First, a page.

Now that OS 3.0 has been released and we know that the 3.1 bugfix release is on rails we have to re-evaluate the question which platforms we need to be able to support. On the one hand it might be nice to use all the new 3.0 bells and whistles. One the other hand though this could mean we risk losing half of our potential customers who are still on “old software”.
Besides simple disinterest or negligence the main reason for sticking with old software is that people are always waiting to hear from the iPhone Dev Team that a new version can be jailbroken and sim-unlocked. If you are using your iPhone in the network of your own choosing, you would not want to give this up even for the greatest new update.
From the developer’s point of view there are a couple of features (even before version 3.0) where you had to bump up the minimum OS version. I for one implemented the CLLocation properties course and speed in iFR Cockpit which only became available as of 2.2.
Just today Applyzer released an analysis of the required OS version for all apps on the store. Also AdMob frequently publishes metrics on OS versions in use. Let’s check those to get some guidance for our own apps.
Now 3.0 is out for a month and has been pwned, snowcracked, hacked, jailbroken and all those other nasty words that Apple wishes somebody would take out of the dictionary. So in the foreseeable future we will see most hesitant people move from 2.x to 3.0.
But for the time being we have to orient ourselves on the data at hand. So first, let’s see what platforms are targeted by our developing colleagues and competitors. I would have thought this number next to 2.0 to be higher, but only a third of apps are targeting the lowest possible platform.
The reason cannot be iPhone OS 3.0 because there are only 2544 apps on the store that require this level. iPhone firmware releases with an x.1 are generally meant to only fix bugs and not bring great new features. Maybe because of this half of developers skipped 2.1 and went to 2.2/2.2.1, because either they wanted to get to the couple of new things in the x.2 release or because they thought they would have less trouble by only supporting customers with a stable release.
To summarize: Who can still support 2.0 does so. Who needs new features of 2.2 requires this version. 2.1 only makes sense if it fixes a bug that otherwise impacts your app. But I can honestly say that apart from the Core Location thing I mentioned above I see no reason in my apps to not choose 2.0.
That’s what developers think, how about what the customers are really doing with their precious devices?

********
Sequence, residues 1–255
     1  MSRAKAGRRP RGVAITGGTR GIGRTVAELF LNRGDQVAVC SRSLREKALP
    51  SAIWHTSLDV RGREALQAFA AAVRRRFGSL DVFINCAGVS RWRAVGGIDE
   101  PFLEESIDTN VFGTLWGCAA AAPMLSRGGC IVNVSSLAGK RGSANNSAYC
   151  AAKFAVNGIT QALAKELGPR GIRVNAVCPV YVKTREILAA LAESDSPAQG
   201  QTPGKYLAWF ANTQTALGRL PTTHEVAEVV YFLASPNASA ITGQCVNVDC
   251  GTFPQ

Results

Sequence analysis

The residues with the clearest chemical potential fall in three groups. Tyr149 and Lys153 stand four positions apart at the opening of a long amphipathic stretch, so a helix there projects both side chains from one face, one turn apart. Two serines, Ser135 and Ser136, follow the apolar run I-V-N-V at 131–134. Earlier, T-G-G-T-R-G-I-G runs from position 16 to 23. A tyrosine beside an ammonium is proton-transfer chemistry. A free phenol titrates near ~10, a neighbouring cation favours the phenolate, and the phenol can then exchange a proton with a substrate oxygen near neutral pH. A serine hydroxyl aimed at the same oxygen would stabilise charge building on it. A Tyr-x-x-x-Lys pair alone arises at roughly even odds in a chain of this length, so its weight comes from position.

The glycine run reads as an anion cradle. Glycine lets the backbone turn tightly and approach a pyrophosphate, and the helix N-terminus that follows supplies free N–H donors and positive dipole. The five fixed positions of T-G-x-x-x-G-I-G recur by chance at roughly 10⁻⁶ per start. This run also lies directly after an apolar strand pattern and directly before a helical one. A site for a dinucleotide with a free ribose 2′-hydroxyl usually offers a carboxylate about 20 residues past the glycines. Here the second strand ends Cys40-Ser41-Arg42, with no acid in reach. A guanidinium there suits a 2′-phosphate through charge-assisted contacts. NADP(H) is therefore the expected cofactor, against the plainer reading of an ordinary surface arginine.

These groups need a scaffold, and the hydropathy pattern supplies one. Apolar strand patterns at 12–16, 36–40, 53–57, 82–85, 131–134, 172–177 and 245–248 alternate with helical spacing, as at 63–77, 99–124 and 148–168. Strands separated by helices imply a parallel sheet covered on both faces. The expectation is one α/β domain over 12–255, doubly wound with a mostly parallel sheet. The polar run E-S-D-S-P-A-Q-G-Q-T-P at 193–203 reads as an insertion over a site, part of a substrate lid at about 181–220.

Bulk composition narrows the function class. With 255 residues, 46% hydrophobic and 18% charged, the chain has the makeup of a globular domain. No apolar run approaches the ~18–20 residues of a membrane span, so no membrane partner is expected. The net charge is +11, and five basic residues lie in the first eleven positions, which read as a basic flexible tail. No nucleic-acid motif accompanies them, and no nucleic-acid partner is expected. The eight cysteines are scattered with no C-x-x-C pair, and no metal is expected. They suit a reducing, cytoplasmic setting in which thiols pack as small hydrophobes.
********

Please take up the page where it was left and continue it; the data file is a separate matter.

The following pie chart might be somewhat skewed because generally only free apps use advertising. One might argue that people who have funds to purchase the latest and greatest in hardware could not be bothered with ad-sponsored variants of apps but would also spend top dollar for top apps. But just as valid is the argument that due to the sheer size of the sample it most likely represents the market rather accurately.
The gist: Half 3.0, Half 2.2.1. Probably a strong trend towards 3.0 now that the final “hurdles” (wink, wink) have fallen.
But that’s the iPhone where OS updates are free. Apple continues to take fire “out of bookkeeping reasons”. Most iPod Touch users don’t see a compelling reason to updated to 3.0 for $10. Music plays the same and why do I need push on a music player?
And THAT is what really hurts if are itching to do 3.0 magic. Next to none of the iPods out there are running on the shiny new OS version. According to my own stats there are 55% iPhones versus 45% iPod Touches.
If you do the math by multiplying this percentage versus the 2.x/3.0 percentages you find that about 75% of devices can run some 2.x flavor and only 25% are immediately available as customer base for 3.0 apps. If all iPhone users now on 2.2.1 would shift to the newer version the total number moves to 51% old versus 49% new.
So even in a best case scenario you effectively cut your potential market in half by going for the hot new features like in-app-purchases, peer-to-peer multiplayer and push notifications. No question about it, big productions are taking the field by storm because they effectively know how to cheat!
Take Tap Tap Revenge 2.6 as an example. According to iTunes they target 2.0 but have found a loophole that allows them to load the push notification framework depending on the device it’s running on. I know of only one other developer who is trying to figure out how to achieve this dynamic loading.
For us regular dev folk it probably will not make fiscal sense to do 3.0-only apps in the short term unless we’re doing it for the fun of it. Hey, I’d rather earn a little money constantly than only HALF of little money. Unless I revolutionize something with my apps, but how likely is that? Know any app store jackpot winners? I don’t. We all get by, of sorts.
Apple, are you reading this?! Why not give us the tools that the big guys have to dynamically load 3.0 frameworks on 3.0 platforms and still be able to serve the big and non-diminishing 2.x market? Because then also small budget apps would start getting 3.0 features which might build up to critical mass to push more and more iPod users to shell out $10 for the update. Oh my, when has favoritism towards big companies ever really gained you something?
A call to action rounds off this article: let’s figure out this dynamic loading Voodoo ourselves and share it with each other.